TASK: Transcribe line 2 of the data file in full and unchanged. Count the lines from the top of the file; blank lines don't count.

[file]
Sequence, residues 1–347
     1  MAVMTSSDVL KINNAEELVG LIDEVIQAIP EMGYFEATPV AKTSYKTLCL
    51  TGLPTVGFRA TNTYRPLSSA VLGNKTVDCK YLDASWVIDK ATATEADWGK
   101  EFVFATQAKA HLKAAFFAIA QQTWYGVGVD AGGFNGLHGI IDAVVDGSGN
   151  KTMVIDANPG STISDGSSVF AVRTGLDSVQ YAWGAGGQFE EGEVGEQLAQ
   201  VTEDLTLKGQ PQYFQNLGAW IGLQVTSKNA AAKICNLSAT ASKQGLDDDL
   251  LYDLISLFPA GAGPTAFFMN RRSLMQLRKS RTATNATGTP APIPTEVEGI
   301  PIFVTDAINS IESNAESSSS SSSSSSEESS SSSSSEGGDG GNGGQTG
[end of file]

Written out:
     1  MAVMTSSDVL KINNAEELVG LIDEVIQAIP EMGYFEATPV AKTSYKTLCL